Gratitude is happiness doubled by wonder.
~ GK Chesterton

Monday, July 21, 2014

Solid Foundation in the Catholic Church

An essential part of setting the stage for a fruitful prayer life is a solid foundation in the Catholic Faith.


Here’s a quote from “Welcome to Carmel,” page 42.

“Teresa stresses that the essence of friendship [with God] is to make sure that our will is one with that of Christ.  Bringing our wills into conformity with the Will of Christ is the very essence of friendship.  Once again, she assures us that prayer is not a practice to make us feel good, to give us spiritual comfort and consolation.  But prayer is designed to make us draw closer to Christ, to bring our wills into conformity with His divine Will."

Prayer is our relationship with God.  The True God.  Not the ‘god’ we’re tempted to make in our mind.  We have to know how to discern God’s will in our lives.  The best way I have to offer on getting to know God is through His inspired Scripture and the 2000 years worth of tradition that comes to us through His Church.  Yes, scripture and tradition.

In some ways, the approach to building this solid foundation will be different, depending upon how a family to chooses to educate its children.

For homeschooling families, the parents are choosing the religious education texts.  As well, catechizing can and does occur in the other subjects.  For example, Catholic publishers will inject teaching into handwriting, grammar, or science lessons.  Additionally, secular books provide opportunity for religious education, as cultural bias is everywhere; it’s good to be able to take advantage of that bias as a teachable moment, so it can become a part of a lesson’s discussion.

Happily, parents of public school, private school, or parochial school students are also the primary formatters of their children’s Catholic education.  Some of the ways this is accomplished tie in with what I’ll be posting next week (Creating a Catholic Culture in Your Home).  In short, parents who don’t homeschool still read to their children, books of both religious and secular nature.  These parents will have conversations about right and wrong, conversations about why certain movies are not good viewing, conversations about current events.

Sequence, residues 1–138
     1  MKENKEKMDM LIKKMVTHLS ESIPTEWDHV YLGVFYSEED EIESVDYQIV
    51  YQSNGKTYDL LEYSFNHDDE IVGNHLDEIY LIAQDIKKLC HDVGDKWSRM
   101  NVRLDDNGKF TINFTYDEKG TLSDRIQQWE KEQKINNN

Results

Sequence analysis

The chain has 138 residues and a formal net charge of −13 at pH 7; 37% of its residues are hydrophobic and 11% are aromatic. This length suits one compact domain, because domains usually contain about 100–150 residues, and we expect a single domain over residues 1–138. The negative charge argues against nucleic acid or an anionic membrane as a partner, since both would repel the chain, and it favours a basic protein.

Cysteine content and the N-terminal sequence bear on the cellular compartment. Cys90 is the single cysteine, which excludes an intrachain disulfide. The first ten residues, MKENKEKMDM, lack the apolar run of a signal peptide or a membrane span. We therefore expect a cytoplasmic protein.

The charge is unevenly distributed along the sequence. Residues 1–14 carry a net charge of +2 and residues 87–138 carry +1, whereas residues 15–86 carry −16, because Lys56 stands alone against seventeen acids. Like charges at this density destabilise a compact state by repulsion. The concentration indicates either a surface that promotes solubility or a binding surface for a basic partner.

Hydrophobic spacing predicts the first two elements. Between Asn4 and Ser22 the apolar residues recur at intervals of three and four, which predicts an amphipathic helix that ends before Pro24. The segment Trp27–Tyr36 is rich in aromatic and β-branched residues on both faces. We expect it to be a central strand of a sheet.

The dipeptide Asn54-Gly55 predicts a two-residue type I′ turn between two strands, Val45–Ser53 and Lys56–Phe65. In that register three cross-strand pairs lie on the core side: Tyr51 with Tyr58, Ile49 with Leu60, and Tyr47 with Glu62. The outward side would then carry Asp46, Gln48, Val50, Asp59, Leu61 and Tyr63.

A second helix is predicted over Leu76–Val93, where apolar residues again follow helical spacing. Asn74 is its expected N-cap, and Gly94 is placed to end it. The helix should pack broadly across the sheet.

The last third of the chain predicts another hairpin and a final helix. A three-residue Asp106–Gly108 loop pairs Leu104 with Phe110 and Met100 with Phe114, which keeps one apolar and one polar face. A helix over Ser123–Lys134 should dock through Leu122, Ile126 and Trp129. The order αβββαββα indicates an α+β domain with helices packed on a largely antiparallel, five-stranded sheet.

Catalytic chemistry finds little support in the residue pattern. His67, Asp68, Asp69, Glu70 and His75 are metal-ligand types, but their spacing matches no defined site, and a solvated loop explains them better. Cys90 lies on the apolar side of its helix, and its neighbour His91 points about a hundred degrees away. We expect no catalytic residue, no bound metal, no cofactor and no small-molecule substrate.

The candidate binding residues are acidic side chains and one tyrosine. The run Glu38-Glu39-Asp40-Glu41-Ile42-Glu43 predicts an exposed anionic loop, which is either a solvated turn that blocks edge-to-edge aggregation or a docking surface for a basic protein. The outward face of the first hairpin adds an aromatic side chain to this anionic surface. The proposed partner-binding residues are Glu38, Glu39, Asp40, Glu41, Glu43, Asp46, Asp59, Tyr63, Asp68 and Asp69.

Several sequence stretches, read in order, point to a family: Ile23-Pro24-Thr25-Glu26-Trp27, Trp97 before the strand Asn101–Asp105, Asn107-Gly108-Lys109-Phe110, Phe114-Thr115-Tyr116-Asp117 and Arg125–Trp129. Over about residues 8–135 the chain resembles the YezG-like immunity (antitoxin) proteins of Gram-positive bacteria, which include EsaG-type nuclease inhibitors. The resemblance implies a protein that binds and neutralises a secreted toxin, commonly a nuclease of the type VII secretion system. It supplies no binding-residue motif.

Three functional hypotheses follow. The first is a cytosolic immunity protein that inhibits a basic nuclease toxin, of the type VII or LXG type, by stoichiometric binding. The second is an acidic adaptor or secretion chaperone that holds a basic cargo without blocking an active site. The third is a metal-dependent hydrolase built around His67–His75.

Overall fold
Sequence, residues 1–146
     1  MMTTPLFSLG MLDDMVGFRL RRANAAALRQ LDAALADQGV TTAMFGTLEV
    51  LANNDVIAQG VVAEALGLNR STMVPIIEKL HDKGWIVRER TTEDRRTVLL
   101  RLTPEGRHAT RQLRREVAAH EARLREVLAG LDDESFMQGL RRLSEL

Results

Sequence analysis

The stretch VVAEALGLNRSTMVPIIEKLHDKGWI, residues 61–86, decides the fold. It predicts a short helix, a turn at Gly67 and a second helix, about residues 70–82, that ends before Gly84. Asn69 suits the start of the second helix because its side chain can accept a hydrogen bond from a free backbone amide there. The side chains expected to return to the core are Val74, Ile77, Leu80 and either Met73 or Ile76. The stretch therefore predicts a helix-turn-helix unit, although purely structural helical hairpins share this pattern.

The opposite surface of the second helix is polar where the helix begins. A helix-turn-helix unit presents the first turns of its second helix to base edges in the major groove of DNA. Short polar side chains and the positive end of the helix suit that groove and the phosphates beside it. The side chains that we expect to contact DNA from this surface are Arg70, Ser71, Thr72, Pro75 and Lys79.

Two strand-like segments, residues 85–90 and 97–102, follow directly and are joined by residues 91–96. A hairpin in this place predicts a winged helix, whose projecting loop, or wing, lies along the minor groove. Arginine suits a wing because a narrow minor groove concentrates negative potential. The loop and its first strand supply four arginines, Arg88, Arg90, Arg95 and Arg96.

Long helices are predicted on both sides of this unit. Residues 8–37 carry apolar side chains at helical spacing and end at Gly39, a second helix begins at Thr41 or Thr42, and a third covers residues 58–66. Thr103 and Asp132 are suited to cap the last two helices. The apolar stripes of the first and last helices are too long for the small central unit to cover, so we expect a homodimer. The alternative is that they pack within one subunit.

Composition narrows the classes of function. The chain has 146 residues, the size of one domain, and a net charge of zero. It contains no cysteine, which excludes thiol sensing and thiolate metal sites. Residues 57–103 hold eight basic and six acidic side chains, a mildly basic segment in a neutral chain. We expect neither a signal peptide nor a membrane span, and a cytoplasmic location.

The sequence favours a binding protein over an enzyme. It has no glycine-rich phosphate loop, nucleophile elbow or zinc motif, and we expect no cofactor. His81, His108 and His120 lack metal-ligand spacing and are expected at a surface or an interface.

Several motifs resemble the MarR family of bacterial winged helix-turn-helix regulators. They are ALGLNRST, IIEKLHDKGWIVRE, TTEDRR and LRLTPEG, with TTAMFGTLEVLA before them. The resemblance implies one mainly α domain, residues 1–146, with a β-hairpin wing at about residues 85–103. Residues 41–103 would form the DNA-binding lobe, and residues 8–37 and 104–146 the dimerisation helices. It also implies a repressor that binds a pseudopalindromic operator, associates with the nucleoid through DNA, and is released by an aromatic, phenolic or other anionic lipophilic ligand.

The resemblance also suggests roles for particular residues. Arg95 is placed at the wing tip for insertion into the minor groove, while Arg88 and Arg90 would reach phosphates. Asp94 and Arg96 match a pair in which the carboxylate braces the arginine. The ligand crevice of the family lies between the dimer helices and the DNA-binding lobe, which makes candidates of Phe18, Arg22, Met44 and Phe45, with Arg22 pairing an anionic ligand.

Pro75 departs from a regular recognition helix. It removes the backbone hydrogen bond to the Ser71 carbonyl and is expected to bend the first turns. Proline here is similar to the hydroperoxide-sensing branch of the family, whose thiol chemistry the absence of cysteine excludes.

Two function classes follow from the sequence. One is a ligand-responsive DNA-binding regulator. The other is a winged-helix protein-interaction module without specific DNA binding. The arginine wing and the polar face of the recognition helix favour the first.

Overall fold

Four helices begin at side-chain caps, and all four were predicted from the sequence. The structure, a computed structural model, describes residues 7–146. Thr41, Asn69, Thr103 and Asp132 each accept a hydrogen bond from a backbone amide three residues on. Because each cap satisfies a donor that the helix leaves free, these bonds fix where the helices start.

Obviously, here I stray into territory that must be covered by all parents.  Regardless of how the children are schooled, the parents are integral in passing along the teachings of the Catholic Church.  The day-to-day events of life on this earth are the springboard to endless lessons and discussion.  Aside from the issue of “solid foundation = greater prayer life,” I believe, firmly, that “solid foundation = better world.”  I am convinced that a big part of the problem that exists in the divide between American Catholics and their approach to the issues of the day is a result of poor catechesis.  Recall this quote form Archbishop Fulton Sheen:

“There are not a hundred people in America who hate the Catholic Church.  There are millions who hate what they wrongly believe to be the Catholic Church—which is, of course, quite a different thing.”